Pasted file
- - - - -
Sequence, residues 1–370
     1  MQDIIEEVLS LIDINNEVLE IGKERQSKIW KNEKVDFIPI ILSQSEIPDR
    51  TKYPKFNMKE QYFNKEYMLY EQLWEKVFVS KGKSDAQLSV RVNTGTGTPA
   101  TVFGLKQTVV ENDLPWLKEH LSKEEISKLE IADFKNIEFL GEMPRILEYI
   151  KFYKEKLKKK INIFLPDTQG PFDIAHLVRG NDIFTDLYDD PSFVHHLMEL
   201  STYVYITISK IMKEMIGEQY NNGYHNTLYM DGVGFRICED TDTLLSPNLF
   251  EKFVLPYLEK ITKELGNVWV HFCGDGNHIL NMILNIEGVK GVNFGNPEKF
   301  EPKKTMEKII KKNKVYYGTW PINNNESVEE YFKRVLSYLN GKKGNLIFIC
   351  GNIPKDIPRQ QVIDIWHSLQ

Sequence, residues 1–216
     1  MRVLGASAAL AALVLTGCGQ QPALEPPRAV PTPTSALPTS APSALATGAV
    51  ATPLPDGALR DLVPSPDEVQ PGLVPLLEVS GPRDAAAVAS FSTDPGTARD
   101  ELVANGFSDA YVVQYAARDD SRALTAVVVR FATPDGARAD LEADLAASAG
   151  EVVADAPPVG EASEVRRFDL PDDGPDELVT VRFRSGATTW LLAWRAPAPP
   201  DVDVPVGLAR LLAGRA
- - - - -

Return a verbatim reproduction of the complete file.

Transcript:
Sequence, residues 1–370
     1  MQDIIEEVLS LIDINNEVLE IGKERQSKIW KNEKVDFIPI ILSQSEIPDR
    51  TKYPKFNMKE QYFNKEYMLY EQLWEKVFVS KGKSDAQLSV RVNTGTGTPA
   101  TVFGLKQTVV ENDLPWLKEH LSKEEISKLE IADFKNIEFL GEMPRILEYI
   151  KFYKEKLKKK INIFLPDTQG PFDIAHLVRG NDIFTDLYDD PSFVHHLMEL
   201  STYVYITISK IMKEMIGEQY NNGYHNTLYM DGVGFRICED TDTLLSPNLF
   251  EKFVLPYLEK ITKELGNVWV HFCGDGNHIL NMILNIEGVK GVNFGNPEKF
   301  EPKKTMEKII KKNKVYYGTW PINNNESVEE YFKRVLSYLN GKKGNLIFIC
   351  GNIPKDIPRQ QVIDIWHSLQ

Sequence, residues 1–216
     1  MRVLGASAAL AALVLTGCGQ QPALEPPRAV PTPTSALPTS APSALATGAV
    51  ATPLPDGALR DLVPSPDEVQ PGLVPLLEVS GPRDAAAVAS FSTDPGTARD
   101  ELVANGFSDA YVVQYAARDD SRALTAVVVR FATPDGARAD LEADLAASAG
   151  EVVADAPPVG EASEVRRFDL PDDGPDELVT VRFRSGATTW LLAWRAPAPP
   201  DVDVPVGLAR LLAGRA